The 3He(n,tp) process, in which a low-energy neutron reacts with a helium nucleus to produce a proton and a triton with excess energy of 764 keV, is one of the best-characterized neutron reactions. It is the trigger mechanism of the 3He proportional counter, which is presently one of the most widely-used neutron detectors. The Lyman-α Neutron Detector (LAND) is an alternative neutron detector which uses this same trigger reaction to initiate far-ultraviolet optical emissions within a gas cell, rather than electrical discharges. In a gas cell containing mixtures of 3He and 4He, which does not significantly interact with the neutrons, we found that, at atmospheric pressure, tens of far-ultraviolet photons were produced per reacted neutron. If the 4He is replaced with a noble gas, for example Ar, Kr or Xe, we find far-ultraviolet emissions that are significantly stronger than those found in all-helium mixtures, in some cases by factors exceeding 1000. Spectrally-resolved measurements using filter detector packages suggest that this radiation is predominantly due to X2* excited dimer (excimer) emissions.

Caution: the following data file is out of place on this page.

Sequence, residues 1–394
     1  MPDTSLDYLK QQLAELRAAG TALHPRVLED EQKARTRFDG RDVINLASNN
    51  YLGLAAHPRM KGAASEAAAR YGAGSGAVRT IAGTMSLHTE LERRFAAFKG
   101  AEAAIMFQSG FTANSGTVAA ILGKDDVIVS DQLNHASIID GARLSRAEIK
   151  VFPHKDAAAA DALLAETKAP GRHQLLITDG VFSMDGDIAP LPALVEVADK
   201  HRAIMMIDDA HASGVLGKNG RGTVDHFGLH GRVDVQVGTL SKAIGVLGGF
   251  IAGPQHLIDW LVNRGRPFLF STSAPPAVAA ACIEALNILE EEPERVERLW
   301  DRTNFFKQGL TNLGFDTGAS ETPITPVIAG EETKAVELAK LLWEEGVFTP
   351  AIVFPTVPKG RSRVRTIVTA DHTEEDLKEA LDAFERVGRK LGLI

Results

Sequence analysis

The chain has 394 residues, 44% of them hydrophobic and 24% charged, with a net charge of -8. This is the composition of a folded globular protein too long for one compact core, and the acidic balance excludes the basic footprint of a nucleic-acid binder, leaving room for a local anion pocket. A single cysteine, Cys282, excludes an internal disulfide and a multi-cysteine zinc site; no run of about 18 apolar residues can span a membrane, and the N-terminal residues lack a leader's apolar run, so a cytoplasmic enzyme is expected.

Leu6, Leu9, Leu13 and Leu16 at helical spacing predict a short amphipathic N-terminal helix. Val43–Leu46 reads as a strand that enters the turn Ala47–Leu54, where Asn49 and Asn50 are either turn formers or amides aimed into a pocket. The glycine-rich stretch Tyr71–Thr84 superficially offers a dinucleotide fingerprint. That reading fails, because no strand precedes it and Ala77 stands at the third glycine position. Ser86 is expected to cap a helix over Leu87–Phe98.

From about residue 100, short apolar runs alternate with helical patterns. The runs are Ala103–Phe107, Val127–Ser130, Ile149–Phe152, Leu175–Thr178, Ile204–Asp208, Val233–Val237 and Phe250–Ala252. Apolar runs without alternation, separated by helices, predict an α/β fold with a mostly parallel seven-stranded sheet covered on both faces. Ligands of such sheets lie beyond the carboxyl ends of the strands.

A LAND instrument will require much less 3He than current proportional counters. Since 3He has become extremely expensive and difficult to obtain, reducing the amount of 3He required to effectively detect low-energy neutrons could result in a larger supply of less expensive neutron detectors to be used for national security - for example port-of-entry screening for clandestine nuclear material and the detection and monitoring of nuclear programs for non-proliferation purposes - oil-well logging, neutron diffraction and scattering experiments, and other applications.